It’s high time we threw our many hats in the ring
Prime ministers usually wear more than one hat. Apart from his ministerial hat, he often has to put on an orator hat, sometimes a party leader hat, maybe an economist hat and even a foreign policy hat. Our prime minister has taken this multiple-hat thing to a whole new dimension.columns Updated: Dec 07, 2014 01:35 IST
Prime ministers usually wear more than one hat. Apart from his ministerial hat, he often has to put on an orator hat, sometimes a party leader hat, maybe an economist hat and even a foreign policy hat. Our prime minister has taken this multiple-hat thing to a whole new dimension.
Besides all of the above, he wears Naga hats, the Assamese japi, the Ladakhi hat, a Manipuri hat with peacock feathers, even a cowboy hat. He has worn all kinds of multi-hued turbans — boat-shaped, tie-and-dye, saucer-shaped, turbans with tassels. He was criticised for not wearing a skull cap, but that is old hat.
His most recent hat-wearing binge was in Nagaland, where the hat he wore was to die for. The rich, unusual colour combinations were deliciously in-your-face.
The bits of bone and boar-tusks added a frisson of danger, while the jaunty feather at the peak gave it that rakish je-ne-sais-quoi so essential to delicately underline the nonchalance at the heart of cool. That’s apart from it being a feather in his cap. The whole effect was tantalisingly otherly, offering an irresistible metaphor for the north-east, baring its soul in an eternally chic fashion statement, a pyramid of desirability.
Here’s another hat tip for him. It’s a brand-new headgear introduced last September at the London fashion week that combines his love for hats with his passion for selfies. Called a selfie-hat, it is a sparkling bright pink sombrero that has an Acer tablet hanging from it, at just the right angle to take a selfie. It is so Lady Gaga. Hats off to the PM if he wears it.
But why does Mr Modi wear hats at the drop of a hat, when the rest of us are mostly hatless? One theory is politicians need hats because they talk through them. Another is that he has a bee in his bonnet about hats. Another says politicos wear hats to signal how much they love the locals.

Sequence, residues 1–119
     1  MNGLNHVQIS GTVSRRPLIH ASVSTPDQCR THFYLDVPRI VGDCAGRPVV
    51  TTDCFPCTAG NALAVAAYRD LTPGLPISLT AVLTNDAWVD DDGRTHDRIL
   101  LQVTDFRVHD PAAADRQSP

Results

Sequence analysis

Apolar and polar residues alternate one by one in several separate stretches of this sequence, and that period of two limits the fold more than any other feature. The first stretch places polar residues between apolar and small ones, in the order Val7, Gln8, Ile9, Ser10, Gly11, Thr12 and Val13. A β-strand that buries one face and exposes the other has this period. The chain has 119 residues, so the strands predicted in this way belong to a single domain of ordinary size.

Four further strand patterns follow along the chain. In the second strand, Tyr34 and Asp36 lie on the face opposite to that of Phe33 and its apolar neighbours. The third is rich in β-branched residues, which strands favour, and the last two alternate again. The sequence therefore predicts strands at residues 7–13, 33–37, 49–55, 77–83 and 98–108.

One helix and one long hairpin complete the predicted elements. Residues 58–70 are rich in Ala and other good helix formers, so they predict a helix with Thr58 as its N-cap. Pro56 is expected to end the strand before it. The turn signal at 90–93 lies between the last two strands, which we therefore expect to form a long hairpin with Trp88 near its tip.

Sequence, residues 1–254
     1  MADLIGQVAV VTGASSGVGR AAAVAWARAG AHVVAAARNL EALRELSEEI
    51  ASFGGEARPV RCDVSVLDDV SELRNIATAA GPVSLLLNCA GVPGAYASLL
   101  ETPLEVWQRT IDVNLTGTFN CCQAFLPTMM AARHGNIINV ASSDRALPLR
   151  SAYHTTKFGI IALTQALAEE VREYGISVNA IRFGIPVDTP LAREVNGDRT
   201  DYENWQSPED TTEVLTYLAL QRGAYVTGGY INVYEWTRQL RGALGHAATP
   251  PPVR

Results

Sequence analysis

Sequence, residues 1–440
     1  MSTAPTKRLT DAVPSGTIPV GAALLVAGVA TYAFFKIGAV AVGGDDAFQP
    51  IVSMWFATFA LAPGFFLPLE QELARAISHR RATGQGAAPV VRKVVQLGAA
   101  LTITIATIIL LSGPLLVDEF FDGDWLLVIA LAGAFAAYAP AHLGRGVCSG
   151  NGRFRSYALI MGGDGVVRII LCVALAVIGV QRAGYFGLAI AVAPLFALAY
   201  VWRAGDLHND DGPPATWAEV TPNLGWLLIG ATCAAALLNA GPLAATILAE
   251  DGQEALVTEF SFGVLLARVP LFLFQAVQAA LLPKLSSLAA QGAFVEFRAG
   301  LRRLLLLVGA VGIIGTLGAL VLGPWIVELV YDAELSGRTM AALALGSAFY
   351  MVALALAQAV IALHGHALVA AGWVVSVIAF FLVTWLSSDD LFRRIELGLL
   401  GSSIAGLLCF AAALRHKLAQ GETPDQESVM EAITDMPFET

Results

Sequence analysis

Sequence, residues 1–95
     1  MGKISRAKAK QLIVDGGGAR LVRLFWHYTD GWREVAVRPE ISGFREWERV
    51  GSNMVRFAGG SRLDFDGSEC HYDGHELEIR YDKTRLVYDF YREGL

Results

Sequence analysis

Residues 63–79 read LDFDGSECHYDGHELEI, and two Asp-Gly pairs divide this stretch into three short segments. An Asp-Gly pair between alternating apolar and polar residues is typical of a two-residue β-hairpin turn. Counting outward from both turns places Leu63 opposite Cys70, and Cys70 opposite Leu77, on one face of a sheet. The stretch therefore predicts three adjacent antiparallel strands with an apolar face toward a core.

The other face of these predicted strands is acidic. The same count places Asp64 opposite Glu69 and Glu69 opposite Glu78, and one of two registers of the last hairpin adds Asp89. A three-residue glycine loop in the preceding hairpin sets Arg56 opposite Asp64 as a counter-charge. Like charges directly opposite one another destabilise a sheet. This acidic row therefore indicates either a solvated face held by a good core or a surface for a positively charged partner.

Another hypothesis says voters are interested in hats for what’s in them. According to this political hat thesis, the voter looked at Modi and thought, ‘Wow, with so many hats, god knows how many rabbits he can pull out of them’; she then looked at Manmohan’s blue turban and thought, ‘Heck, this guy has only one turban, which means a limited supply of rabbits,’ which is how Modi won. I’m sure something’s wrong with that theory, although I can’t quite place my finger on it now.
I think the simple reason is the prime minister likes wearing hats. And why not — that Naga hat is gorgeous. The other reason he wears them is because he wishes to set an example, as he did by taking up a broom for the Clean India campaign. We must follow him.
Our elected leaders could kick off the campaign by wearing hats to parliament. In true inclusive spirit, they could wear, not only the headgear of Indian states, but also panama hats, straw hats, baseball caps, sola topees, monkey caps. Who knows, we may develop a competitive advantage in hats and lay the basis for a hat-based economy. We could choose from Indiana Jones’ fedora, the Jack Sparrow pirate hat, Gandalf’s hat from Lord of the Rings, Darth Vader’s helmet — the list is endless. But for now, with Christmas round the corner, we can start by wearing Santa hats.
Manas Chakravarty is Consulting Editor, Mint
The views expressed by the author are personal